State allows Donlin Gold to lease land for 315-mile pipeline

Site of the proposed Donlin Gold mine. (KYUK)

On July 20, the Alaska Department of Natural Resources for the second time granted Donlin Gold the right to lease state land to build a pipeline that will power its mine.

DNR has granted land-use rights for a proposed 315-mile long pipeline that would stretch from Cook Inlet to the proposed mine site about 12 miles north of Crooked Creek on the Kuskokwim River. The pipeline will supply natural gas to the mine to power its operations.

It’s not the first final decision to grant the land rights. The first happened over a year ago. Tribes opposing the mine sought a re-review, and DNR agreed to put the decision on hold to look at the pipeline again.

Since last April, DNR’s state pipeline coordinator, Tony Strupulis, has been analyzing the pipeline.

He said he didn’t find any major flaws in the project, and the designs haven’t changed.

“We did take a look at everything, and it was just a matter of organizing and presenting it in a better form than we did originally,” Strupulis said.

The reason for the re-review, according to a statement issued by DNR, was to “review and clarify the cumulative effects of the project.”

That was a key part of the tribes’ concerns and the reason they asked for the review.

But now attorneys from environmental law firm Earthjustice say DNR didn’t do enough in their re-analysis, citing that they reissued the exact same decision. Earthjustice attorney Tom Waldo said DNR needs to look at the total impacts of the project, rather piecemeal, he said.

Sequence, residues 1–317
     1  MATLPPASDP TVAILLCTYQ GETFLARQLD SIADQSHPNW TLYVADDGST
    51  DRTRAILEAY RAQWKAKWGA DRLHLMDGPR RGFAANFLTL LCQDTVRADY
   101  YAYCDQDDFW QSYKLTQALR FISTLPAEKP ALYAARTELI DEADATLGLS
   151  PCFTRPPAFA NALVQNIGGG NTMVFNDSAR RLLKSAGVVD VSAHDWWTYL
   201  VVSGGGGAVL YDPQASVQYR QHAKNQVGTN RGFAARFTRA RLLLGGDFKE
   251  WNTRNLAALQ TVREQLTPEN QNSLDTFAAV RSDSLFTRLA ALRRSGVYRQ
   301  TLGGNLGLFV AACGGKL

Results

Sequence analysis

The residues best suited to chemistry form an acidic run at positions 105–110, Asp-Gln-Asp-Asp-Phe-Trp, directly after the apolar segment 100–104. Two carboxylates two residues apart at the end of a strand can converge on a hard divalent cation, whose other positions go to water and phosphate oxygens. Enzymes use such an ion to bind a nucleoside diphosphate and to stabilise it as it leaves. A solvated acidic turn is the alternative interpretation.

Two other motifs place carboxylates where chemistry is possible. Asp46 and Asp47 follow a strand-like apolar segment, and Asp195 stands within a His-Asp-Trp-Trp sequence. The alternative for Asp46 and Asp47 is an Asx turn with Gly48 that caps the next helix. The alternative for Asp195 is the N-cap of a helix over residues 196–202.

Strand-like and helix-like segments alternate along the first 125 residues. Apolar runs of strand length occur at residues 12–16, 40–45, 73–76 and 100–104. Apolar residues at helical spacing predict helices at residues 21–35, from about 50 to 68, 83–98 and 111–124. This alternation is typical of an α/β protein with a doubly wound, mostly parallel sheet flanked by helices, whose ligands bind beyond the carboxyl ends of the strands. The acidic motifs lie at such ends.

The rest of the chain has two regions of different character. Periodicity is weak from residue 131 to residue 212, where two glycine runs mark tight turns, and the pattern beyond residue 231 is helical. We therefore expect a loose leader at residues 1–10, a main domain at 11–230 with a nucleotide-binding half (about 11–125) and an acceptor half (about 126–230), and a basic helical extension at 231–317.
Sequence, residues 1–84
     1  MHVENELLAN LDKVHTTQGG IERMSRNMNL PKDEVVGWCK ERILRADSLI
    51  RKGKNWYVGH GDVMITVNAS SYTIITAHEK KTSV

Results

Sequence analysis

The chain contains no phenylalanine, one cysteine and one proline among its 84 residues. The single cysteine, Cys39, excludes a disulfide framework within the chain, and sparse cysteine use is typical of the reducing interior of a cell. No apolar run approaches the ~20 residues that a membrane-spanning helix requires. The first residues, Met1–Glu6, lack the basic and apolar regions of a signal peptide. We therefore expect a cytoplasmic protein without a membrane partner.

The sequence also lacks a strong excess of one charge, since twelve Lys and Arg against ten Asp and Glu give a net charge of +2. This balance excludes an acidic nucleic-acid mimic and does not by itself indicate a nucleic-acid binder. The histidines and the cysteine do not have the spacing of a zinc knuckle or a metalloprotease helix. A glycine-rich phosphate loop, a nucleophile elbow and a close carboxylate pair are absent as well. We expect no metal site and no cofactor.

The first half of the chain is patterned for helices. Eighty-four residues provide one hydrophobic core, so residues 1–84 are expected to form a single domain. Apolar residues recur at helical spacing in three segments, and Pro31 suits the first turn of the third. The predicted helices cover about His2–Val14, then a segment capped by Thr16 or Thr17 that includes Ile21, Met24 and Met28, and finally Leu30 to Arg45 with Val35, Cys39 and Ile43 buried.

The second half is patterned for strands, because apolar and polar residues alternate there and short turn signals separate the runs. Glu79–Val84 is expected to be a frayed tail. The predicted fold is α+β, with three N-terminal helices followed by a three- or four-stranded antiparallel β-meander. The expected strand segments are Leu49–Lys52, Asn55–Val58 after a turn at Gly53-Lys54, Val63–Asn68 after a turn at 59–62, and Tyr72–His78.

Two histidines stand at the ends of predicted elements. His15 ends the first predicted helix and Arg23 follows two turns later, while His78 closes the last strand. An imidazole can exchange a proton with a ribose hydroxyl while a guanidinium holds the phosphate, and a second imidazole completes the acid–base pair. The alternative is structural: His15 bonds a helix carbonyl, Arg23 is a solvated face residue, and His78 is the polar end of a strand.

“I thought that they were going to evaluate the whole project again, like we had requested, but they didn’t do that. They should be thinking about the whole project, and they should be thinking about the big picture,” Waldo said.

Earthjustice represented five Yukon-Kuskokwim Delta tribes — Orutsararamiut Native Council, Chuloonawick Native Village, Chevak Native Village, the Native Village of Eek, and the Kasigluk Traditional Council — and nonprofit Cook Inletkeeper in the most recent regulatory battle against the pipeline.

Tribes opposing the pipeline say it will disastrously affect their land use and subsistence resources.

Strupulis acknowledged pipelines come with some risk.

“The risks are less than some of the other options for energy sources, you know,” he said. “It’s better than hauling diesel by road or by boat. A gas pipeline is better from that respect, but it’s not completely without risk. There’s the potential of rupture of a pipeline, or a leak and discharging the product — whether that be oil or gas — into the environment.”

If the tribes choose to contest the approval for the pipeline land lease, they have until Aug. 8 to file with DNR.

If the commissioner of DNR then upheld decision, they would then have to appeal to the Superior Court.

This isn’t the only regulatory front on which the five Y-K Delta tribes are working to get additional review for the mine’s development. They’re already appealing a state water quality certificate in Alaska Superior Court and appealing a separate decision by DNR to grant 12 water-use permits to the proposed mine.

A sixth tribe, Tuluksak Native Community, has also joined the appeals.

For its part, Donlin Gold has said that the pipeline, in addition to powering the mine, could bring new energy solutions to the Y-K Delta.

KYUK - Bethel

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